An 18-Year-Old Developer Successfully Recreates iOS 4 as an iPhone App; Calls It ‘Close to Pixel-Perfect’
iOS 4 is a dated operating system update that was first introduced by Apple nearly a decade ago. Since then, the company has introduced a boatload of changes to its mobile platform, ranging from cosmetic shifts to an increase in features, not to mention a few controversial moves along the way. If you still miss iOS 4 and want to have a stroll down memory lane, one 18-year-old developer has managed to recreate the update, but as a separate iPhone app. Check out the details below.
Developer Calls Recreated iOS 4 as OldOS, Says It Is Built in SwiftUI
According to Zane, OldOS, which he has named as his recreated iOS 4, the app is ‘designed to be as close to pixel-perfect as possible’ and for one reason, we might have to take his word for it. The app is built using Apple’s SwiftUI, meaning that if you download and install OldOS, you will experience the same smooth animations, as well as that ‘blast from the past’ iPhone Home button that vibrates and provides a haptic feedback to make it feel like an actual button.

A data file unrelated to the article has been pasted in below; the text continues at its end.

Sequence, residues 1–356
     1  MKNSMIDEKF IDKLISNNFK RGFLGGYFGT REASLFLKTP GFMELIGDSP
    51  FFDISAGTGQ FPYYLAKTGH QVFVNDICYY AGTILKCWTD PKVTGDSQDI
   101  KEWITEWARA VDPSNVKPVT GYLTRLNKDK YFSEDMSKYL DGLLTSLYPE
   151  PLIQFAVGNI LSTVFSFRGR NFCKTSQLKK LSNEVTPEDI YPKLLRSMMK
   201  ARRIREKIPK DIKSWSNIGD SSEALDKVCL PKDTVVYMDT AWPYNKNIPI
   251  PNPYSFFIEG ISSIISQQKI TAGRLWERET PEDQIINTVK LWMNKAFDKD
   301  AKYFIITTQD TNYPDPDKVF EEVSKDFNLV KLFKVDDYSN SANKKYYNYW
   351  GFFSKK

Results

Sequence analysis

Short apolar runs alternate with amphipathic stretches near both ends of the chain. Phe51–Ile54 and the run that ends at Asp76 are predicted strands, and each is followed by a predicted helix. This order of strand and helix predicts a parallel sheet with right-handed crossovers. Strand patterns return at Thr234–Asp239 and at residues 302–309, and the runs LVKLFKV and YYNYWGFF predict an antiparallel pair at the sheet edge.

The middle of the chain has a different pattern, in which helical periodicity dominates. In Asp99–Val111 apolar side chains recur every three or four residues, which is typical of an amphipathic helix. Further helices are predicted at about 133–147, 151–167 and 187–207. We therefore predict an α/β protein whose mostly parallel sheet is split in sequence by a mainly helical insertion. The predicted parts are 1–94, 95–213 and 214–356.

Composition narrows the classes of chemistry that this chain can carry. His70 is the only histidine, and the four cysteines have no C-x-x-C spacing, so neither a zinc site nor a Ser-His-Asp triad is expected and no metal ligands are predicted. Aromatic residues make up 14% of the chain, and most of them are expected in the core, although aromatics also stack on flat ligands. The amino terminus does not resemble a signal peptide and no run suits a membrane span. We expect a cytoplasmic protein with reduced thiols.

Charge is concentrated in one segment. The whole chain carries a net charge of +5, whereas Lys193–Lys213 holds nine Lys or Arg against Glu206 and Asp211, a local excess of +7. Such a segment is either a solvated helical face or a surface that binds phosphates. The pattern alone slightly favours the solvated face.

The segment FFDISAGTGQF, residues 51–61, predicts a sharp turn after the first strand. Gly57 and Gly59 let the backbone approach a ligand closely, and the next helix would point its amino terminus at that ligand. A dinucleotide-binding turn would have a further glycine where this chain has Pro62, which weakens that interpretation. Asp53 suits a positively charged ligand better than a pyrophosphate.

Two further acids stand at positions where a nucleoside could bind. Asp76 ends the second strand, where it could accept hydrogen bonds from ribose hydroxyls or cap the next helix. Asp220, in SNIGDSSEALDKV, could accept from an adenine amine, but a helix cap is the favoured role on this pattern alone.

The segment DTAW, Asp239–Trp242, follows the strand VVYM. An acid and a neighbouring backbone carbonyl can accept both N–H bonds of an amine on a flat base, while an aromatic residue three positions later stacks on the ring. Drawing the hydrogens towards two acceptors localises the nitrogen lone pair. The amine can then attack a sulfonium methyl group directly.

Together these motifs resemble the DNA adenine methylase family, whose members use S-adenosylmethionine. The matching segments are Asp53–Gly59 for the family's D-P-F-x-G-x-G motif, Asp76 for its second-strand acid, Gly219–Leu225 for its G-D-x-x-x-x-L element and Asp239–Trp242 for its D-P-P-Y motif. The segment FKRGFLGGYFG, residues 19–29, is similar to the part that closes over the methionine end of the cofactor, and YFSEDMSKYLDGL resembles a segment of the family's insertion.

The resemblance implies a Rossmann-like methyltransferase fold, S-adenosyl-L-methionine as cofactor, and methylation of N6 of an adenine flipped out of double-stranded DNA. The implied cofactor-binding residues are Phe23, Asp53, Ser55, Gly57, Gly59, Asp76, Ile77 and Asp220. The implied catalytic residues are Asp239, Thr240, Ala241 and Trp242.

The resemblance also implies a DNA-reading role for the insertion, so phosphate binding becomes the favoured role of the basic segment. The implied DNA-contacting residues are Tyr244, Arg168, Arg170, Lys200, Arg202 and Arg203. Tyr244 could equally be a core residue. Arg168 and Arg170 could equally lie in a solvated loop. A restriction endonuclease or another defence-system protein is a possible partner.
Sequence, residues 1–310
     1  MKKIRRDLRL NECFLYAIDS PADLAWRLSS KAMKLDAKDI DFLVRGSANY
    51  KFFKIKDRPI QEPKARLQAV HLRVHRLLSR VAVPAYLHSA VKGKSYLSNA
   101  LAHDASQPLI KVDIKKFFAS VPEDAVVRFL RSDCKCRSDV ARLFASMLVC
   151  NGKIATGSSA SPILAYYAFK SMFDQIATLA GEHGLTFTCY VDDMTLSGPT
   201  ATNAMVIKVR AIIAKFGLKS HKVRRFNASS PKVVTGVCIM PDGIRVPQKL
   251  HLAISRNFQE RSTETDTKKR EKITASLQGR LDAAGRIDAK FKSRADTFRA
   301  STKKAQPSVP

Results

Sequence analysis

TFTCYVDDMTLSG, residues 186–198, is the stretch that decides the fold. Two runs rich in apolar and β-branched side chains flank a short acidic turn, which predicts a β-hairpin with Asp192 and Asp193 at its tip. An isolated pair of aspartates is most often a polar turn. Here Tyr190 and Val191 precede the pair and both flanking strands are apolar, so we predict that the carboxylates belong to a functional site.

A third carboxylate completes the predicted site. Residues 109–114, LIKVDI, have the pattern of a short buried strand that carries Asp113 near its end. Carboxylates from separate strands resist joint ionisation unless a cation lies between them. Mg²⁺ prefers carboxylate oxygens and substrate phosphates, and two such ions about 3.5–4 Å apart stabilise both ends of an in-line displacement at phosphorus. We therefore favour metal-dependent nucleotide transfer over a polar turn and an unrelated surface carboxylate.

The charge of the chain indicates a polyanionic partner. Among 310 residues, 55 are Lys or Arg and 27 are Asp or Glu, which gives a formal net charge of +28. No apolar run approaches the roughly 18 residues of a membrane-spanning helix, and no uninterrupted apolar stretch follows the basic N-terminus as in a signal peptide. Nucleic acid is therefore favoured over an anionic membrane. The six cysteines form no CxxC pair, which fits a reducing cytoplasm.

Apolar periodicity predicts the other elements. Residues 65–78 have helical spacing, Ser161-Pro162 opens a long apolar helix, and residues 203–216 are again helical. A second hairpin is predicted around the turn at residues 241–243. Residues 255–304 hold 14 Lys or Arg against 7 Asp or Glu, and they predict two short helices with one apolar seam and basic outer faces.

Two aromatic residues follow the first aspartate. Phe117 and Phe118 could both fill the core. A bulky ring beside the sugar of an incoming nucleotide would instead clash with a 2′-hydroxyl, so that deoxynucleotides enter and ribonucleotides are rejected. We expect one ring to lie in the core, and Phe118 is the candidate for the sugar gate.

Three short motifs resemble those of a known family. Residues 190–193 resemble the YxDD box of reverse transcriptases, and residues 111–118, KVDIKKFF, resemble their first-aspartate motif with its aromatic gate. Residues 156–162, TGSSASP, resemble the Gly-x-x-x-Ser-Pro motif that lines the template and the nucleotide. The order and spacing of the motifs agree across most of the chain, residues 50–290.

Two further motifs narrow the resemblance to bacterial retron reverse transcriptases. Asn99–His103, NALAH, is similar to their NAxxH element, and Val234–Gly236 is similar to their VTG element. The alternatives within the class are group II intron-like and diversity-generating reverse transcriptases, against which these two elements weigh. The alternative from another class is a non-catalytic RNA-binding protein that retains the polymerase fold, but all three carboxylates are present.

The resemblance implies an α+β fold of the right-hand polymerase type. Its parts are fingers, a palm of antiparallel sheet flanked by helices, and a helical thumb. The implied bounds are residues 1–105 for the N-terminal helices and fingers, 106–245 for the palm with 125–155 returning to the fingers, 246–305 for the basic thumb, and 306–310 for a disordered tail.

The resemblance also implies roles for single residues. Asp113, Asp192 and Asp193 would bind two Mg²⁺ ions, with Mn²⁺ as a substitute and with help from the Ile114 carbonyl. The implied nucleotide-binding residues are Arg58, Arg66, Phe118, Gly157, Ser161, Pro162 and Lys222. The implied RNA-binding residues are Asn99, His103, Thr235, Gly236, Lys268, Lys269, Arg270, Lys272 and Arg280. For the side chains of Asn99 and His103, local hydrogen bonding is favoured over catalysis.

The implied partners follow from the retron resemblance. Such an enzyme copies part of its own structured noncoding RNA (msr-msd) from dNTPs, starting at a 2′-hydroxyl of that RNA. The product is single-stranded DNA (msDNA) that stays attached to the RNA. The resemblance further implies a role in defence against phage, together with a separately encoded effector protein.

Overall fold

The stock apps that Apple released with iOS 4 are also present in OldOS, giving you a little memory jolt in remembering which apps you used to use and how they looked. While everything appears to be running smoothly as butter, two exceptions that might arise are Messages and YouTube. Zane states that there are still issues with YouTube and Messages that need to be addressed, but everything works just fine; you can even browse the web using the old UI of Safari.
Today is Launch Day 🚀
Introducing OldOS — iOS 4 beautifully rebuilt in SwiftUI.
* 🎨 Designed to be as close to pixel-perfect as possible.
*📱 Fully functional, perhaps even usable as a second OS.
* 🗺️ Fully open source for all to learn, modify, and build on. pic.twitter.com/K0JOE2fEKM
— Zane (@zzanehip) June 9, 2021
The latest OldOS app is available via Apple’s TestFlight service, so grab it while you can before Apple decides to change its mind and pulls it down at the first opportunity. Fortunately, Zane has also published the source code on GitHub, so if you want to keep the project running indefinitely by compiling it in Xcode, be our guest.
News Source: Zane
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